Additionally, the notice also considers “whether the rule should apply uniformly to all workers or differentiate between categories of workers.” The notice particularly questions “whether [the FTC] should adopt different standards for non-compete clauses with senior executives.”
When Would the Proposed Rule Go Into Effect?
The FTC’s notice of proposed rulemaking is just the first step in the FTC’s efforts to establish this new rule. Comments on the proposed rule are due 60 days after the FTC publishes the proposed rule in the Federal Register. Afterward, the FTC can finalize the rule based on input received from the public. It is not clear how long the FTC would take to finalize the rule (if it does finalize the rule). As the proposed rule is currently drafted, the FTC has indicated that, if it proceeds to finalize the rule, it would then set a compliance date of 180 days after it publishes the final rule in the Federal Register. Thus, the earliest the proposed rule could go into effect is 240 days after the FTC publishes the proposed rule in the Federal Register.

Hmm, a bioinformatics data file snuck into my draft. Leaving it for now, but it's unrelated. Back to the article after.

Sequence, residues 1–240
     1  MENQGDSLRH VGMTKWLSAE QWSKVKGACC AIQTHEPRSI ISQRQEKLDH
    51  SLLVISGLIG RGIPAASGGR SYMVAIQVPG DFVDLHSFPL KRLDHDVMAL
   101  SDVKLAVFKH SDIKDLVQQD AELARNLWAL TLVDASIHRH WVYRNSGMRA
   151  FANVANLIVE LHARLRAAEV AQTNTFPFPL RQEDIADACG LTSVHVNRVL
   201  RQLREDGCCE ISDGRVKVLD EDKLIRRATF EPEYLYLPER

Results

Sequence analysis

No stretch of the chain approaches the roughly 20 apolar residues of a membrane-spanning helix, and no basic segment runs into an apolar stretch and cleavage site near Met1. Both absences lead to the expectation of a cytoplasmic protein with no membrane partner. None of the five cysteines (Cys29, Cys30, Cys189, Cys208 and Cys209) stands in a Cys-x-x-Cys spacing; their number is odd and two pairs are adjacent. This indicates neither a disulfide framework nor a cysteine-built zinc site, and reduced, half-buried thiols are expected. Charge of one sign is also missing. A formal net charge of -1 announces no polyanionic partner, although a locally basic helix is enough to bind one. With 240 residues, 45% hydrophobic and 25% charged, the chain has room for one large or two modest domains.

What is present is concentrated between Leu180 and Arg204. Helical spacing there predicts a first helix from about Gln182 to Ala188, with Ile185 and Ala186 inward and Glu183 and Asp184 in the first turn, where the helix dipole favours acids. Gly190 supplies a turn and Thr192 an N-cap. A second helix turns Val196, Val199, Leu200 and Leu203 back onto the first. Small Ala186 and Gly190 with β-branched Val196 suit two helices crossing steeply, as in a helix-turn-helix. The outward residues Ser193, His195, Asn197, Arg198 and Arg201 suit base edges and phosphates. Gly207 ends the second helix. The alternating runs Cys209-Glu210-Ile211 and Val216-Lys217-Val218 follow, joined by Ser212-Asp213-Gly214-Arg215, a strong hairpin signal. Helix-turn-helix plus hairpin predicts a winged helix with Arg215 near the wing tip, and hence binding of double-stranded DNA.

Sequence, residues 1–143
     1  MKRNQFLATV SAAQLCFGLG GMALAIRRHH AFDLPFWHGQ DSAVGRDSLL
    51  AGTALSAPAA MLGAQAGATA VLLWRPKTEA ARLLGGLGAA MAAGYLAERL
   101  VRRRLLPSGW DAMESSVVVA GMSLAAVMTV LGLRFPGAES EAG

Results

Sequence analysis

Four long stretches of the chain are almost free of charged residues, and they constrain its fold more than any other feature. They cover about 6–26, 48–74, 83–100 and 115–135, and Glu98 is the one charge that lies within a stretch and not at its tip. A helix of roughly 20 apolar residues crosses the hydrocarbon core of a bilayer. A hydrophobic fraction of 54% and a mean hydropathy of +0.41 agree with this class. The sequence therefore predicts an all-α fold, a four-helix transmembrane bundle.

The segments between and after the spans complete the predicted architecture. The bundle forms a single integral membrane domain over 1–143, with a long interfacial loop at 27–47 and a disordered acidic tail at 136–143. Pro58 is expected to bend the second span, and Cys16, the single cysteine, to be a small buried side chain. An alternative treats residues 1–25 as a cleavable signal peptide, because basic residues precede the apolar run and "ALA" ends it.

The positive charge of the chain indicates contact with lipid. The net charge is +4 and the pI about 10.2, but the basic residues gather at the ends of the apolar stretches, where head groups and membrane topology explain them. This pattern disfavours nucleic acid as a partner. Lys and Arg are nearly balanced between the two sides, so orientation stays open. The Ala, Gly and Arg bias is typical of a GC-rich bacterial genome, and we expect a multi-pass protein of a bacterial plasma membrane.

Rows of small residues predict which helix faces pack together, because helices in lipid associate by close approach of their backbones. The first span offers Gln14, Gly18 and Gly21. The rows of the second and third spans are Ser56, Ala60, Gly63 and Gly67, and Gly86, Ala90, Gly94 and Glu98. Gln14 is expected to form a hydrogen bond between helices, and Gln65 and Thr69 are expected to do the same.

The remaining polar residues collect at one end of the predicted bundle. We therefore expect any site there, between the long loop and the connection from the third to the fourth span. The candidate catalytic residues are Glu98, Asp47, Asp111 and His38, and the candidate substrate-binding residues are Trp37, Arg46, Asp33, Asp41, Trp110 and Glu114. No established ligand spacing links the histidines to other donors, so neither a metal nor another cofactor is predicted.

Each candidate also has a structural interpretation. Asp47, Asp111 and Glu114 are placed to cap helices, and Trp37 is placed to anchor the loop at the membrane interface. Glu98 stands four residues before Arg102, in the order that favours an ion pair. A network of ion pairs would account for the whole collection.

Note also that the rule could be further delayed or derailed entirely by legal challenges. There exists substantial uncertainty about the FTC’s rulemaking related to antitrust issues, and the U.S. Chamber of Commerce, for example, has already said the proposed rule is “blatantly unlawful.”
What Does This Mean for Employers and Businesses?
Employers and other businesses, including those acquiring or merging with other entities, should take a couple of concrete steps in response to this news. First, in the short term, employers should consider whether to submit comments on the proposed rule (and alternatives). As noted above, these comments must be made within 60 days of the publication of the proposed rule in the Federal Register. McGuireWoods is ready to assist employers and others in preparing and submitting these comments.
Second, employers should assess their current and projected use and enforcement of non-compete agreements and consider how the implementation of the proposed rule would impact their business and compliance obligations. McGuireWoods is preparing additional materials to address frequently asked questions concerning the proposed rule and is ready to consult concerning the effect the proposed rule may have on your business.
In sum, the FTC’s proposed rule underscores the important and growing focus of antitrust enforcement related to employment issues. For questions about the FTC’s proposed rulemaking, non-compete agreements, or any aspect of antitrust or labor and employment law, please contact the authors of this article or any member of the firm’s antitrust and trade regulation, labor and employment, or government investigations and white collar litigation teams.